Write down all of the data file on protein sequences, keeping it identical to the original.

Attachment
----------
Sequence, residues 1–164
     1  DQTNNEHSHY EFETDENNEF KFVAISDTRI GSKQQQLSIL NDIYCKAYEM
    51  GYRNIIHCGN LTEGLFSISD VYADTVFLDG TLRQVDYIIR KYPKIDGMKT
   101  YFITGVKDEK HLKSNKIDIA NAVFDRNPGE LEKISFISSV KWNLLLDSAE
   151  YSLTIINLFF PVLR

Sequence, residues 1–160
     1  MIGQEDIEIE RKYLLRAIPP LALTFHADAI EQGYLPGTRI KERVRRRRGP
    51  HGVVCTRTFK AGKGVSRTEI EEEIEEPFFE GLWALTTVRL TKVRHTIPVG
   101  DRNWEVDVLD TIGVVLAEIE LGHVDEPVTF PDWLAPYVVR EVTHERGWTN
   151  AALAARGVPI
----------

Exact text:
Sequence, residues 1–164
     1  DQTNNEHSHY EFETDENNEF KFVAISDTRI GSKQQQLSIL NDIYCKAYEM
    51  GYRNIIHCGN LTEGLFSISD VYADTVFLDG TLRQVDYIIR KYPKIDGMKT
   101  YFITGVKDEK HLKSNKIDIA NAVFDRNPGE LEKISFISSV KWNLLLDSAE
   151  YSLTIINLFF PVLR

Sequence, residues 1–160
     1  MIGQEDIEIE RKYLLRAIPP LALTFHADAI EQGYLPGTRI KERVRRRRGP
    51  HGVVCTRTFK AGKGVSRTEI EEEIEEPFFE GLWALTTVRL TKVRHTIPVG
   101  DRNWEVDVLD TIGVVLAEIE LGHVDEPVTF PDWLAPYVVR EVTHERGWTN
   151  AALAARGVPI